The Delaware Court of Chancery recently ruled that the use of a company email address to send confidential information to an attorney did not negate the protection of the attorney/client privilege, based on the facts in Lynch v. Gonzalez, No. 2019-0356-MTZ, Letter Decision (Del. Ch. Nov. 18, 2019).
This decision is noteworthy because, although other Delaware decisions have addressed this issue of whether an email sent from a company email address to a private attorney waives the privilege, this carefully measured ruling adds color and texture to a very nuanced but important issue of interest to all those laboring in the Delaware litigation vineyards.
The decision in this matter involves a hotly contested dispute over ownership interests in a holding company that owns several companies in Argentina. A grasp of the somewhat complicated facts in this case is necessary in order to fully appreciate and fully understand the nuanced and thorough analysis in this decision, but for purposes of extracting the essential nuggets of the decision, which related to whether the attorney/client privilege applied for purposes of discovery issues, the key fact is that an email was sent using a company email address and to an attorney for the employee.
The issue: whether there was a reasonable expectation of privacy that would satisfy the requirements for a communication protected by the attorney/client privilege when an email was sent to a private attorney from an employee’s company email address.
Notable Legal Principles:
- The court began its analysis with the definition under Delaware Rule of Evidence 502 of the attorney/client privilege, which provides protection for confidential communications between the client and a lawyer for the purpose of facilitating legal services. The burden of proving the privilege applies to the party asserting the privilege. A key factor in determining whether or not the communication is confidential is whether there is a reasonably objective expectation of confidentiality or privacy. See Slip op. at 9.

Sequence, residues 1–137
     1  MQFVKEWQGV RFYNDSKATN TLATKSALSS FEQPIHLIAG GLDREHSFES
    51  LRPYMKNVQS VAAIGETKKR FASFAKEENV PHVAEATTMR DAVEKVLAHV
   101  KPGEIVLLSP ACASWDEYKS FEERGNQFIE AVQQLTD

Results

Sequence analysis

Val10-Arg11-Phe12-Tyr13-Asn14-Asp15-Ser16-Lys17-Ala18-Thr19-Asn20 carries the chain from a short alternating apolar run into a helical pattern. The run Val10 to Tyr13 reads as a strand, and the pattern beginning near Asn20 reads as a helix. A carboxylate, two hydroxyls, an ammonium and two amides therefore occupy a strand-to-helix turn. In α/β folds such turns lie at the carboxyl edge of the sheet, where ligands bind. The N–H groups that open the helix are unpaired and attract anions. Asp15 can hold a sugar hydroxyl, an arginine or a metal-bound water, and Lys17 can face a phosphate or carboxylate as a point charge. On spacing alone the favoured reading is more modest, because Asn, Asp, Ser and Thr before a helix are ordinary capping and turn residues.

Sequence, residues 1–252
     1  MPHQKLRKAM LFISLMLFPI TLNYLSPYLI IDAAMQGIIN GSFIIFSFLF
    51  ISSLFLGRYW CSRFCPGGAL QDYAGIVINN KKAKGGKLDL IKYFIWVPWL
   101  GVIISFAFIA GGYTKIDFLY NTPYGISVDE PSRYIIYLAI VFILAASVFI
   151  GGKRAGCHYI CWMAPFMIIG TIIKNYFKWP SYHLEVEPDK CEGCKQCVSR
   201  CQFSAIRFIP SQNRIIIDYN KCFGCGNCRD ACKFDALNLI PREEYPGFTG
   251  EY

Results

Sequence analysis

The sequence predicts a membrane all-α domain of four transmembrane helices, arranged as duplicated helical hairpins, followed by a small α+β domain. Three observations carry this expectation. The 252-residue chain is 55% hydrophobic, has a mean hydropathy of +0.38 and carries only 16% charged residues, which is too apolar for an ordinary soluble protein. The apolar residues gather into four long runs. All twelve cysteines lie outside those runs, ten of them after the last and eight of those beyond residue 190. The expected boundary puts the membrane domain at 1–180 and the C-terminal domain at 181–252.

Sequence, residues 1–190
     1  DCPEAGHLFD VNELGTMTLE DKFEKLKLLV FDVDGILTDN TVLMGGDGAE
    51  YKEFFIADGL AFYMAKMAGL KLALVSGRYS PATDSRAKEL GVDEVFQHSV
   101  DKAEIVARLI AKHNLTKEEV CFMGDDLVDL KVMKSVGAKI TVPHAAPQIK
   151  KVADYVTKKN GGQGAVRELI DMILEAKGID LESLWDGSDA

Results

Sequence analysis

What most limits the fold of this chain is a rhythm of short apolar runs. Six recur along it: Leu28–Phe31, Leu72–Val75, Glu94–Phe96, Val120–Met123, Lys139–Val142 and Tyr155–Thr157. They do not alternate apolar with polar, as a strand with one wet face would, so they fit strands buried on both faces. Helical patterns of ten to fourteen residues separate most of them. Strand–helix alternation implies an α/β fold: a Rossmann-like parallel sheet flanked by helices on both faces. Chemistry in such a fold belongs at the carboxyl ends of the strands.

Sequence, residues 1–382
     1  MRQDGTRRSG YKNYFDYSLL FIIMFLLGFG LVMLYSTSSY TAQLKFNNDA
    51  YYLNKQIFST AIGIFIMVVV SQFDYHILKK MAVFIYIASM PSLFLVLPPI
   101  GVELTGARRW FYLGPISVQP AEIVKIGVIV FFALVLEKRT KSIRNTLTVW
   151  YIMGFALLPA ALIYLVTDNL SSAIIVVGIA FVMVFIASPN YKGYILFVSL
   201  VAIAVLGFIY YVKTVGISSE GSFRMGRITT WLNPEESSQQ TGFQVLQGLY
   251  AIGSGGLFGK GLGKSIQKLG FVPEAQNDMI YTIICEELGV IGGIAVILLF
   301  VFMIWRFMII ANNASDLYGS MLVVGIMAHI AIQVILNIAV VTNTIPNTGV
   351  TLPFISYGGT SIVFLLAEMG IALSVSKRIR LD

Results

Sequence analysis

- Prior Chancery decisions have addressed the issue of whether using the email address of an employer to send confidential information to an attorney will allow for protection under Rule 502. Prior decisions have applied a four-factor test, which also allows a “statutory override” such as the one used in this case, if an applicable statute impacts the issue. See page 11 and the cases cited at footnotes 60 and 61, including the Delaware Chancery decision of In re Information Management Services, Inc. Derivative Litigation, 81 A.3d 278 (Del. Ch. 2013). See also, Kalisman v. Friedman, a Chancery decision highlighted on these pages, and cited at footnote 123 of the instant case regarding exceptions applicable to prior periods before a current employer was controlled by a different party.
- The court determined that the law of the country of Argentina applied and an applicable statute provided a reasonable expectation of privacy, and therefore the application of the four factors otherwise applied was superseded by the Argentinian statute and, thus, the emails at issue were determined to be privileged.